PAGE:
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Economy in Brief

Europe Is Beset with High Unemployment and Disinflation
by Robert Brusca  August 29, 2014

Today's data underscore the difficulty faced by the European Monetary Union. The unemployment rate remains high and declines are being posted generally only in the peripheral countries (the Netherlands, an exception to this) that have the highest rates of unemployment. High unemployment core members, Italy and France, have a rising unemployment trend as inflation drops. Meanwhile, the euro area inflation rate has continued to drop with the year-over-year rate at 0.3%, close to its all-time lowest pace. The European Central Bank is focused on stopping disinflation and trying to convince us all that deflation is not a threat. But this downshift in inflation clearly is not good news for the ECB or for its no deflation-risk argument. Credibility is especially shaken as the euro-economy continues to be buffeted by external shocks from geopolitical forces largely beyond anyone's control.

Germany's Finance Minister Wolfgang Schaeuble has said that the ECB has run out of ways to help the euro area. He emphasizes the point made by ECB President Mario Draghi at the Kansas City Fed symposium in Jackson Hole, Wyoming just a week ago. There Draghi said that the burden is on governments to speed growth and to find a way to do it without running excessive deficits. Schaeuble claims that monetary policy can only buy time.

Today the EU has announced that there will be more help for dairy producers because of damage created by the sanctions on Russia and its backlash. That is something to help ease the blow from the geopolitical chaos enveloping Europe, but it's a small something.

There is plenty of weakness in the euro area; it's clear that is not going away soon. Italy reported a record price decline. Spain's retail sales that started to rise are falling again. The euro-coin indicator that takes the pulse of the euro-economy sees more weakness ahead for the euro area.

While U.S. data have also been somewhat touch and go, Japan has reported some weak economic data: its household spending has fallen, housing starts have declined more than expected, and industrial production has turned out to be more listless than expected.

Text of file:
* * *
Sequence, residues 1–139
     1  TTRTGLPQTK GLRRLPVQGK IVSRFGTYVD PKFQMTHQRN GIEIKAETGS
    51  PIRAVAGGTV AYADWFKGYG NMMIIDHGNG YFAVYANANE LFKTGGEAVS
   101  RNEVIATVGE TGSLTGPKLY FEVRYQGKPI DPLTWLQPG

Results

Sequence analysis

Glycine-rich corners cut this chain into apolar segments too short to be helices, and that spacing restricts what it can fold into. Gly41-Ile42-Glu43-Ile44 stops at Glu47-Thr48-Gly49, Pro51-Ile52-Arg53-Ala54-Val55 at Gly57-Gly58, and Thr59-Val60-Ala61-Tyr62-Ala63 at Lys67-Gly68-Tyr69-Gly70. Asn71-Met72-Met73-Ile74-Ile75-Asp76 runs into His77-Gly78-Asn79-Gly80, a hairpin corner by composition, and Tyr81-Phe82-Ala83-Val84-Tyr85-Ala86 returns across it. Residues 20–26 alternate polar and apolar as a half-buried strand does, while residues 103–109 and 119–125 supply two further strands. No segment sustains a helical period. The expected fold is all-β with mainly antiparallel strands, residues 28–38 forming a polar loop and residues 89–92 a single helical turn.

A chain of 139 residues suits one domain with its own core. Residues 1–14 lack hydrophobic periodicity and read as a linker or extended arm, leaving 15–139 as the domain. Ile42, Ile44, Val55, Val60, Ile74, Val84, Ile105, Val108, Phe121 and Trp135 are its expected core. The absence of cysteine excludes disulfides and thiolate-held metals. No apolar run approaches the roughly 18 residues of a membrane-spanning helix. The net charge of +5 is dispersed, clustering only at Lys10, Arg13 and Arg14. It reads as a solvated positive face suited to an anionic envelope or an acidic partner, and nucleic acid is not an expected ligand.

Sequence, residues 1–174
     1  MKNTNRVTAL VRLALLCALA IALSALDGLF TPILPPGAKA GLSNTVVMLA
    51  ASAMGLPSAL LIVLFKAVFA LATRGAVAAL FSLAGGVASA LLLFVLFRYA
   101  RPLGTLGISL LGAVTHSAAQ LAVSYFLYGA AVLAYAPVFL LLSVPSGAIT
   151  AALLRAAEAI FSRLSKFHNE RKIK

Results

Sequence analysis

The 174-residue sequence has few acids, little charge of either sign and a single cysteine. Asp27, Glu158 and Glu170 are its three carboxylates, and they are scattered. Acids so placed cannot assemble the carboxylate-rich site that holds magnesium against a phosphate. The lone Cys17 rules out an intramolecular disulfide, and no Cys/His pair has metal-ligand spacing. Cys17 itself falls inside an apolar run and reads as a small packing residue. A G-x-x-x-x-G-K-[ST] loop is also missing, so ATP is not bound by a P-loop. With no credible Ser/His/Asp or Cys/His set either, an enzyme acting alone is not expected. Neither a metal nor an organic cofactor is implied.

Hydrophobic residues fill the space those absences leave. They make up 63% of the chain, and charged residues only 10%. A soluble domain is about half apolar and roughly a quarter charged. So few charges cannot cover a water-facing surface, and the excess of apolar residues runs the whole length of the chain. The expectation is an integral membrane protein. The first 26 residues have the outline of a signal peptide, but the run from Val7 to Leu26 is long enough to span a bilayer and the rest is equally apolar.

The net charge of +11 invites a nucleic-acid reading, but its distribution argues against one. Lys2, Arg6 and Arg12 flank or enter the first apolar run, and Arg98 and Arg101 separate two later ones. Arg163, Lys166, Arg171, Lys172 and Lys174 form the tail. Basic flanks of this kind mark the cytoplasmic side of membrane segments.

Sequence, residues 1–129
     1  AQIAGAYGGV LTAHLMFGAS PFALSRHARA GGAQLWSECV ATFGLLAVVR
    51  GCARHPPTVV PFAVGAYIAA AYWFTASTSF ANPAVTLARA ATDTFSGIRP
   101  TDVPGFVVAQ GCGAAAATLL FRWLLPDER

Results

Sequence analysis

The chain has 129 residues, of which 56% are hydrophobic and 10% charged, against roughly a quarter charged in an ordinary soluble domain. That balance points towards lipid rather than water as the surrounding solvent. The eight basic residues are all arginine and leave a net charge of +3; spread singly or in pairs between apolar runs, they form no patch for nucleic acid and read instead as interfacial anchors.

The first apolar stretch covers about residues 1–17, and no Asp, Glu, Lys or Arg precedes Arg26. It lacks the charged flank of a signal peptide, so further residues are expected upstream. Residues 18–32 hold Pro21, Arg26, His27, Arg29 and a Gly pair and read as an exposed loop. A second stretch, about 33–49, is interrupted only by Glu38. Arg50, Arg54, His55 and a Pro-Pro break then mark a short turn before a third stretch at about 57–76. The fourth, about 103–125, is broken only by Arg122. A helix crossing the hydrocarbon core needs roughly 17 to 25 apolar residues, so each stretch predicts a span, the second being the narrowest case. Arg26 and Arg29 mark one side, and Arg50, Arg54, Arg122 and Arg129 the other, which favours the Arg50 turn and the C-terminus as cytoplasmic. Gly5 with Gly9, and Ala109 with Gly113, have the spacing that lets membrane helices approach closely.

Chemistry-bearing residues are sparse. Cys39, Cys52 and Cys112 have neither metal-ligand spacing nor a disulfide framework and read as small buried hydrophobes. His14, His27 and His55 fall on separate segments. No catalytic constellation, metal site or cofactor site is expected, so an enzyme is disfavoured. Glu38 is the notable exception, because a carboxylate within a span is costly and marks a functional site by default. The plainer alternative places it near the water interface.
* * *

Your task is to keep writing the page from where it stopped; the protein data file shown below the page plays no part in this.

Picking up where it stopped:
The global economy shows a great deal of weakness and there are disinflationary forces in many countries around the world. The U.S. is one place where inflation shows signs of having bottomed and having some moderate upward momentum.

Still, Europe has to deal with the cards it's been dealt and just as its recovery was gaining some momentum it ran into a flat spot and that flat spot in its trend has been pressured and turned into a downtrend by a collision with a recalcitrant Russia and sanctions that have come with some significant blowback effects for euro area members.

The geopolitical front appears to be as hot as ever although today troops described as pro-Russian separatists are allowing an encircled group of Ukrainian soldiers safe passage back home. NATO has declared that there are more than 1,000 Russian troops in Ukraine and calls it a blatant violation of Ukraine sovereignty. Yet, NATO has yet to take any action. Ukraine is not a NATO member.

As we can see, the economy's difficulties are not going away. The sole bit of good news from Europe today was from the U.K. which reports strong consumer confidence. That difference in monetary policy in the U.K and in the EMU is boosting sterling vs. the euro. Speculation is mounting that the Bank of England soon will raise interest rates and leave its policy of special accommodation behind it. On the other hand, it is clear that the ECB's hands are tied and policy in the EMU will remain accommodative; this effect will operate on other exchange rate pairs too. Market forces will push the euro lower and will help to spur growth in the euro area. As we saw with Japan, its accommodative monetary policy began to have impact when the exchange rate moved lower. This could be the ECB's most powerful weapon against weakness, especially with Russian markets now off limits.

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